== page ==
My gaze swung between the man on the exam table and the radiograph displayed on the lightbox. He must have sensed a problem.
“What?” he asked.
What indeed. The film basically showed his shoulder blade broken in two.
“When did this happen?” I inquired. He had already told me once; I just needed to be sure that I’d heard it correctly.
“Yesterday afternoon,” he said, ” right after lunch.”
“And why did you wait until this afternoon to come in?’
“Well, I’m here mostly to get my wife off my back. If it was up to me, I wouldn’t have come in, but she thought it might be serious or something, because I tossed and turned last night.”
“Well,” I told him, “It is not a surgical problem, but it is a bad injury. You got lucky.”
After a moment’s reflection I added, “Didn’t that hurt?”
“Kind of,” he laughed, “But it eased up pretty quick.”
“Do you need any pain medication?” I asked.
“Oh, no,” he demurred, “Tylenol is doing fine for it.”
After a few more pleasantries, the man got up, walked out of my office, got in his car and drove back to work. Watching him wince slightly as he turned out of the parking lot, I couldn’t help but think of the patient before him – a fellow with no history of serious injury, a normal MRI of the lumbar spine, and disabling back pain.
The man with the back pain had wanted pain medication. I’d had to talk him out of it, which was a difficult task in that era. Because it was the era before the opioid crisis, when we were in the midst of a pain crisis, according to the medical authorities. Clinicians were directed to take everyone’s pain level the same way that we took their temperature, and to treat the abnormalities discovered by our measurements.
For those with eyes to see, the notion behind pathologizing pain was misguided, at least. The whole scheme rested on the idea that pain was simply activity in the neuronal substrate. Change the activity pattern, by activating opiate receptors, for example, and you get rid of the pain.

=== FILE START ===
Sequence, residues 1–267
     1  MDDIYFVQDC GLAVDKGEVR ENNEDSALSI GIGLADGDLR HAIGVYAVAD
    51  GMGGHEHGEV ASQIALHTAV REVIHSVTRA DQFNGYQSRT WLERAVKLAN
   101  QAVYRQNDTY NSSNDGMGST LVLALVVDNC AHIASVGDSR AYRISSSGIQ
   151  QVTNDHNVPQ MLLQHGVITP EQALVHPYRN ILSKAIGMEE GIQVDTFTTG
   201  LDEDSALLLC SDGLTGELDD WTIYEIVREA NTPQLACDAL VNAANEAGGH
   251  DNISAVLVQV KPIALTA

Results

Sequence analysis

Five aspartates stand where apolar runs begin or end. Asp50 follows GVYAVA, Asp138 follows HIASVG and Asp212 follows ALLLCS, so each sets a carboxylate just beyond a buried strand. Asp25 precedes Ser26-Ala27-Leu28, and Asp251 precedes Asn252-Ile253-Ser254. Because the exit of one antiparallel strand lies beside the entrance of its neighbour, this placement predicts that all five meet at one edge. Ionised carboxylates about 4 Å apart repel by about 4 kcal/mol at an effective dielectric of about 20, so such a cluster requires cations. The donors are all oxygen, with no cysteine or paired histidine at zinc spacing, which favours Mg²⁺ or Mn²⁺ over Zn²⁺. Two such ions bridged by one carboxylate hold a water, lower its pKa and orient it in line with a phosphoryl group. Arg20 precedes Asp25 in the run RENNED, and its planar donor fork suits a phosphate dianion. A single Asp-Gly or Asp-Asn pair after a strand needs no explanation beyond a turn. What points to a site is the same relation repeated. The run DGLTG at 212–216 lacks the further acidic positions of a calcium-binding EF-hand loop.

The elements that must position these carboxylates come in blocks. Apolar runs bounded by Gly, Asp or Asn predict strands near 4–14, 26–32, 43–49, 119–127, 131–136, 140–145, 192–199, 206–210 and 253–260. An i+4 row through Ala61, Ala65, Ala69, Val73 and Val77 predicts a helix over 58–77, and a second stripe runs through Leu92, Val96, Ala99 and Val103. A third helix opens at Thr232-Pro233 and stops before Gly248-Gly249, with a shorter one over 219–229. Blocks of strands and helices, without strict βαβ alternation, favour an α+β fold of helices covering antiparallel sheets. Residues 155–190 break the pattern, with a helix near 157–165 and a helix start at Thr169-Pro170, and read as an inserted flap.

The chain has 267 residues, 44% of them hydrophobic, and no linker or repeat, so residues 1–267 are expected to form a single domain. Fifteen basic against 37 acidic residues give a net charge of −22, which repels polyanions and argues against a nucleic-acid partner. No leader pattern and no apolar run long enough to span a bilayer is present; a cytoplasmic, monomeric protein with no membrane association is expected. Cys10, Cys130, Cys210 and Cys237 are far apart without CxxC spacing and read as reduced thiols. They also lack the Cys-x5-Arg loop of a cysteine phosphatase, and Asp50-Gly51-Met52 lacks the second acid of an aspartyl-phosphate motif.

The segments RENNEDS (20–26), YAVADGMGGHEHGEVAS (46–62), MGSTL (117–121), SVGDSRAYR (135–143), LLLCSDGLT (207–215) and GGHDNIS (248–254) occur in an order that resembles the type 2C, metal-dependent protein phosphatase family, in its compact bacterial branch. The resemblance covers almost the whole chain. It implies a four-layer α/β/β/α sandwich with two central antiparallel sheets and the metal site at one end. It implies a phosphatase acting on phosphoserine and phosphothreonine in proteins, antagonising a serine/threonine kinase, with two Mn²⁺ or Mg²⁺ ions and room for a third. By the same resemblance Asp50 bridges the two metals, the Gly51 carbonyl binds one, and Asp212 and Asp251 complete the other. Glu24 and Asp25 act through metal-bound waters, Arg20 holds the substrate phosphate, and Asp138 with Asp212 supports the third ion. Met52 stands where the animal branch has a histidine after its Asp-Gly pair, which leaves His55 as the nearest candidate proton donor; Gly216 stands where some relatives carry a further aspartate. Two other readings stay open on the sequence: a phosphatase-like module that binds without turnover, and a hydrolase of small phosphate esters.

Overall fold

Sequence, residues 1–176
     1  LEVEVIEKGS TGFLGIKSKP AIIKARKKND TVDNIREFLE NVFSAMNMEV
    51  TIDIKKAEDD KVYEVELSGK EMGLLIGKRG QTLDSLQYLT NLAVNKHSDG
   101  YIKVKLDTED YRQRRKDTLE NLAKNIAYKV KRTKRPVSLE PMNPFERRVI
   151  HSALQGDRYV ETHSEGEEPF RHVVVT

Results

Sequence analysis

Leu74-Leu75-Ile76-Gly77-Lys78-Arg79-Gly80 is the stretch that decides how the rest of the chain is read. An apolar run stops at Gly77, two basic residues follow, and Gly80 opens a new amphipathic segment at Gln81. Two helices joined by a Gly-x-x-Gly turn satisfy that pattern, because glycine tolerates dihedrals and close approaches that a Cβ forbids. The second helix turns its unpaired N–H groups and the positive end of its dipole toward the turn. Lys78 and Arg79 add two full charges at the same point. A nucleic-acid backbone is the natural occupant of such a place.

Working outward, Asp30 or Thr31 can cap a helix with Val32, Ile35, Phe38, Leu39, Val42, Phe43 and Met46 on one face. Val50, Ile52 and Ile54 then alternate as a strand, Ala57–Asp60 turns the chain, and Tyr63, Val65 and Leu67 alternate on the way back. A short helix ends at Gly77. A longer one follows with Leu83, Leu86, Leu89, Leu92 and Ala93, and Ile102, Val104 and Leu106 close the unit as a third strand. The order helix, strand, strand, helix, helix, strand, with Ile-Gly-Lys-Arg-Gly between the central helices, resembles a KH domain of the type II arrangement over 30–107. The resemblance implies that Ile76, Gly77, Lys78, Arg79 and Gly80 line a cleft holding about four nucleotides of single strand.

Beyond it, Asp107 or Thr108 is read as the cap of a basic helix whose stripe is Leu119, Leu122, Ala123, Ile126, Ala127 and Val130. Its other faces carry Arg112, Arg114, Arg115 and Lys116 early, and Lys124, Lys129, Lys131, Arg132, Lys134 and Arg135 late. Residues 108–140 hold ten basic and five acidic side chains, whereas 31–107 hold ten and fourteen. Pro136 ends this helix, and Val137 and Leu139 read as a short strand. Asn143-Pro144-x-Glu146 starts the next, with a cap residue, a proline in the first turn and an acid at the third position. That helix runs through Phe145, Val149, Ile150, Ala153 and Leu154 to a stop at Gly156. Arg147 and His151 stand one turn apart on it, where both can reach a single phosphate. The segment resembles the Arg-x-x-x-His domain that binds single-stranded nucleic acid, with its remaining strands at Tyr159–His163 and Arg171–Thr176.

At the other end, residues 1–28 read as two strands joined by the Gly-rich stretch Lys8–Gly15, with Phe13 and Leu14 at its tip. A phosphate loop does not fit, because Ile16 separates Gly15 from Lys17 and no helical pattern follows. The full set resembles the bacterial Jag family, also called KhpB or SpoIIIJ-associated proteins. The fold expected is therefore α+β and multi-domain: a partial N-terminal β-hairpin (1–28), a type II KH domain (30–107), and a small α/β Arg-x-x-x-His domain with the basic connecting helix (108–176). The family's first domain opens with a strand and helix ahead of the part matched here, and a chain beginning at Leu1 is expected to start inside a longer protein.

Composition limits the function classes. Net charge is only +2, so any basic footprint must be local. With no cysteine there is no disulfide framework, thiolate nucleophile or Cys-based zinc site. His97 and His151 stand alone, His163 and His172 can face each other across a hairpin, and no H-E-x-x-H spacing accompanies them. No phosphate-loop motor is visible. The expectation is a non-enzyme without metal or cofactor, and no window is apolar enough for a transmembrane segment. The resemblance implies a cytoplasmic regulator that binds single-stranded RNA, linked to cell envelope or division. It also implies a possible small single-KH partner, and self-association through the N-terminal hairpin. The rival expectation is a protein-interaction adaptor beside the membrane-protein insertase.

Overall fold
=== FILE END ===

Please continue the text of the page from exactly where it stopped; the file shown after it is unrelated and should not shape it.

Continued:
I am not being very charitable in my description, but I am being as charitable as I need to be. There are more nuanced depictions, which leaven the mix with talk of psychological context and so on, but the same suppressed premise lurks beneath them all. It is this: a chain of causal events ‘add up’ to pain, and that is just what pain is. X+Y+Z = Pain. But the necessity of such arithmetic has been in doubt even before Hume laid its troubles out so nicely for us Westerners.
Breaking down a phenomenon gives you its pieces, but does not grant commutativity. Activating opiate receptors does not reshape their owner’s pain experience according to a fixed script. Receptor activity is part of the description of a painful experience, along with psychological context, and personal history. Yet there is no prior necessity – necessity by law, rather than necessity in fact. We did not make the distinction.
Secure in our estimation of the relationship between the neuronal substrate and the pain experience, we went after opiate receptors like we go after splinters. Our efforts did not force anyone’s pain experience into a box, but we gave everyone who we treated a new pain experience. Sometimes it suited them better; sometimes it suited them worse. Many, many times it settled in the center of their psyches and they fell into orbit around it.
Our engagement with the epidemic of untreated pain predictably ended in chaos. Now we need to extricate ourselves, and what do we turn to but the tool already in hand.
Instead of the reduction to type, we have rebuilt our story of pain, revising our reduction on the basis of the same mistake. Receptors pertain to behaviors – in the neuronal substrate, and so in the psychology, and so in the organism – but pain is a byproduct of the behavioral mechanism. It is an epiphenomenon. Chronic experiencers need counselling, to convince them that the pain is ineffectual, and therefore not real, at least not in any serious way.
Unfortunately, I get to participate in this second shot at commutative reduction, too. It will go just as well as the first.